ABOUT ME - My name is Amy and I'm a birder living in central Florida. On this blog I post book and birding product reviews as well as birder gift ideas and announcements related to my birder gift shop on this site. I also have a personal birding blog called Powered By Birds.

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Blog Disclosure

Unless otherwise stated, all books and other products reviewed on this blog were purchased or independently acquired by the reviewer. Readers who make a purchase by clicking on links in product reviews or featured t-shirt posts (T-Shirt Tuesday) may result in the blogger receiving a commission or referral fee.
Archive: August, 2012

SALE: Latest Bird T-Shirts @ Threadless

Posted on August 30th, 2012 in Pop Culture, Products

Threadless has a super sale going on right now with shirts as low as $9.95. There are always some awesome bird t-shirts in the mix. Here are a few that I haven’t highlighted before.

Tweet is on sale for $9.99. Twitter has naturally always been associated with birds; this cute design has two tweetin’ birds hanging out on a branch together.

Raven ($9.99 on sale) is my favorite of this bunch. Got Ravens on my mind lately… you’ll see why soon. 😉

Those Damn Birds is available on sale shirts ($9.99) and iPhone cases (from $37.50). I like this clever Alfred Hitchcock “The Birds” tribute gag design.

Them Birds ($9.99 on sale) is an awesome Alfred Hitchcock / Angry Birds mashup.

Flamenco (from $9.95 on sale; also iPhone cases) is a lovely artistic watercolor-style design. The super-pink flamingos look great on the lighter pink background.

A few of the Threadless bird shirts I mentioned in previous posts [Favorite Owl T-Shirts and Bird Tees @ Threadless] are available in this sale, too.

Owl Nebula: $12.95 Girly Boat Neck Tee only
Bird Nests: $9.95 Guys Organic Jersey Tee only
Owls Ask Too Many Questions: $9.95 Guys Tee
Field Study 01: from $9.99; several styles
The Incredible Hawk: Threadless Zip Hoody @$24.95
Song Bird: $9.95 Girly styles
The Northern Black-capped Gumchewer: $9.99; Guys & Girly styles
Bird Brain: $9.95 Girly Open Neck Tee only

The sale ends on August 31st at 10AM Central, but since quantities are limited these styles might sell out before the sale is over. If you see something you like, better not wait!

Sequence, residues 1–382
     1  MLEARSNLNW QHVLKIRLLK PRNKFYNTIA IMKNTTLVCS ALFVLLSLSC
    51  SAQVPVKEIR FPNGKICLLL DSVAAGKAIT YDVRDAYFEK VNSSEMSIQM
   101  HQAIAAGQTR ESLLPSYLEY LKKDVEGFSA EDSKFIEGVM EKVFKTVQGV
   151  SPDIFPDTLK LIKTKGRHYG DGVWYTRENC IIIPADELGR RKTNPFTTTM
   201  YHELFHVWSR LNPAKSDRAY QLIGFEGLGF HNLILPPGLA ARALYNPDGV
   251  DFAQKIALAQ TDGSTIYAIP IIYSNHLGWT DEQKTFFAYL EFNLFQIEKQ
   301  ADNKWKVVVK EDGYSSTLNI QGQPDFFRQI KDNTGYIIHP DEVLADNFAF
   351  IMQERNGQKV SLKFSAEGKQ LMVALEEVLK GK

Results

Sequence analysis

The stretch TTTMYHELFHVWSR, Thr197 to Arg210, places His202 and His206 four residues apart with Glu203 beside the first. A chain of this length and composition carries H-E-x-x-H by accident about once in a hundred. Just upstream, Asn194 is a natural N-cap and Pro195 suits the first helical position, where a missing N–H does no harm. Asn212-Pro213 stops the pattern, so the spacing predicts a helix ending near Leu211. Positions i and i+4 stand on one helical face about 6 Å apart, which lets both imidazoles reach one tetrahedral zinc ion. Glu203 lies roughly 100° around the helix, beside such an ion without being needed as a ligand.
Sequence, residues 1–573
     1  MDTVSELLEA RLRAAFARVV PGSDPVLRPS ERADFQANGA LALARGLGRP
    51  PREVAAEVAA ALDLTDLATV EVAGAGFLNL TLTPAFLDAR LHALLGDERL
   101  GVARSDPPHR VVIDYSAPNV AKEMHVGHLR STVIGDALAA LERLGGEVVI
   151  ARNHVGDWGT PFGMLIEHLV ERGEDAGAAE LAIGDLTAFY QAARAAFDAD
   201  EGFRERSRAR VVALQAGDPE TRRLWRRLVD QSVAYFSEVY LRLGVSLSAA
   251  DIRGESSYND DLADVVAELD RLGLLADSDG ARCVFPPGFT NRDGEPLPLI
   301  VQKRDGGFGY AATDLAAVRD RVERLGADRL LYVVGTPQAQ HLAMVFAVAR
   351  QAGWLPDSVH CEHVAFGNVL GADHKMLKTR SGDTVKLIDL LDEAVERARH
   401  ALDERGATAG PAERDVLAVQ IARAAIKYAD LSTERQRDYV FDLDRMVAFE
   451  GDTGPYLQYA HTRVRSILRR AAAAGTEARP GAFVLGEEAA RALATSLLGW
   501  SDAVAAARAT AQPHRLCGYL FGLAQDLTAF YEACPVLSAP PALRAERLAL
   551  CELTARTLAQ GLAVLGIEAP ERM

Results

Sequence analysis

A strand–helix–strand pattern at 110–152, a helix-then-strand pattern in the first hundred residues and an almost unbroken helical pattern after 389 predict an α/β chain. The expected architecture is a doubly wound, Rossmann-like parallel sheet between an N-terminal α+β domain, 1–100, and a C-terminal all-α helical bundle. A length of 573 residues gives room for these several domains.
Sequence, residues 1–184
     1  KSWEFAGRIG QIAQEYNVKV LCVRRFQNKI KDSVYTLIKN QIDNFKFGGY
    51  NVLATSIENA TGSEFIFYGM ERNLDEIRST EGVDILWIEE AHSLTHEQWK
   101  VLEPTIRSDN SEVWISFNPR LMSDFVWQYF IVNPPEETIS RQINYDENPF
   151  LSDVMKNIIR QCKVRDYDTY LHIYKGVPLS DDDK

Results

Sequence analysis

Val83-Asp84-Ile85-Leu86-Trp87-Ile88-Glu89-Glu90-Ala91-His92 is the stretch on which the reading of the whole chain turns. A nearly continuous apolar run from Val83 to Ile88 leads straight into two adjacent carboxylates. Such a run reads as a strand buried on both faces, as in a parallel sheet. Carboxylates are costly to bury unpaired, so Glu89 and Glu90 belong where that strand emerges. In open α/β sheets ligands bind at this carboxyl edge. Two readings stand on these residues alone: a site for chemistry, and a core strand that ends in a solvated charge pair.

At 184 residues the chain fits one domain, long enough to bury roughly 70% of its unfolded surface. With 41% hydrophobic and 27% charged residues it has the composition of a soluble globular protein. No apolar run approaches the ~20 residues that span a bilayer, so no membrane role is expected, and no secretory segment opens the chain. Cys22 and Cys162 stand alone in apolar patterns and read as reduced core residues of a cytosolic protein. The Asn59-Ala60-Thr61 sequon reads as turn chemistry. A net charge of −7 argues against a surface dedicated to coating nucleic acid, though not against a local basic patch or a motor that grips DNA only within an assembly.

Amazing kestrel wood carving

Posted on August 15th, 2012 in Art, Products, Video

This video shows a beautiful American Kestrel wood carving by artist Lona Hymas-Smith. Click the gear icon to view in HD and then make the clip full screen to see the detail on this amazing work. To learn more about the artist, visit Wood Carvings and Sculptures from Lona Hymas-Smith.

Contest alert: Guess the fledge date!

Posted on August 14th, 2012 in Contest, Giveaway

Guess the fledge date and time of the final Osprey chick at the Hellgate nestcam nest in Cornell’s latest giveaway. Submit your entry here for your chance to win a frameable 5×7 print.

Book Review: How to Be a Better Birder

Posted on August 13th, 2012 in Book Review, Books

How to Be a Better Birder by Derek Lovitch. Published 2012. As reviewed and pictured: softcover, 192 pages.

I haven’t been out birding as much as I would like lately. That means it has been very good time to catch up on my bird reading. What better place to start than this book with its no-nonsense title?

Unfortunately for me, the last weeks have not been my first birding drought. During times like these, I start to feel like I’ve read a lot more about birding than I’ve actually done it. Therefore, a few concepts covered in How to Be a Better Birder were very familiar to me – at least in theory, if not already in practice. The book is divided into nine chapters, covering topics like Birding by Habitat, Birding with a Purpose, and Patch Listing. Lovitch covers all the bases for anyone looking to improve their craft, no matter the personal birding goals.

There’s no denying the wealth of resources available to birders online. This is true of any pastime (or anything at all) today, I suppose, but still it’s refreshing to read a book where the author embraces these sources rather than pretending they don’t exist. Lovitch does a great job of explaining topics using real-world personal examples while offering links to websites for further study. This is perhaps most evident in the chapter which covers Birding and Weather. Here, Lovitch provides detailed instructions on how to use several different online sources to further understand how weather patterns impact bird movements (a topic much too great to be discussed in depth in the book) and how to use modern tools to plan birding outings no matter where one is located.

I was also especially interested in the last chapter in the book, which covered Patch Listing. Patch listing is something I have really come to embrace since moving to Florida last year. This last chapter in the book ties together all of the skills and concepts laid out in the previous chapters, and spells out how they can all be applied to local patch birding to improve a birder’s overall skill.

Lovitch writes in a familiar tone which makes even the most technical topics easy to follow and understand. Each chapter discusses skills that build upon previous concepts, tying everything neatly together in the end. I feel like I learned some new general skills, and I am looking forward to trying out some of the weather/radar and other topics just as soon as I can get out regularly birding again!

I enjoyed reading this book and highly recommend it to other birders who want to go further in this hobby. I did find a few editorial errors (typos, unclosed parentheses, etc) a bit distracting, for which I am deducting a half star. Therefore, I give How to Be a Better Birder 4.5 Goldfinches out of 5.

Disclosure: This is my own original, honest review of How to Be a Better Birder, a copy of which was provided to me free of charge by the publisher.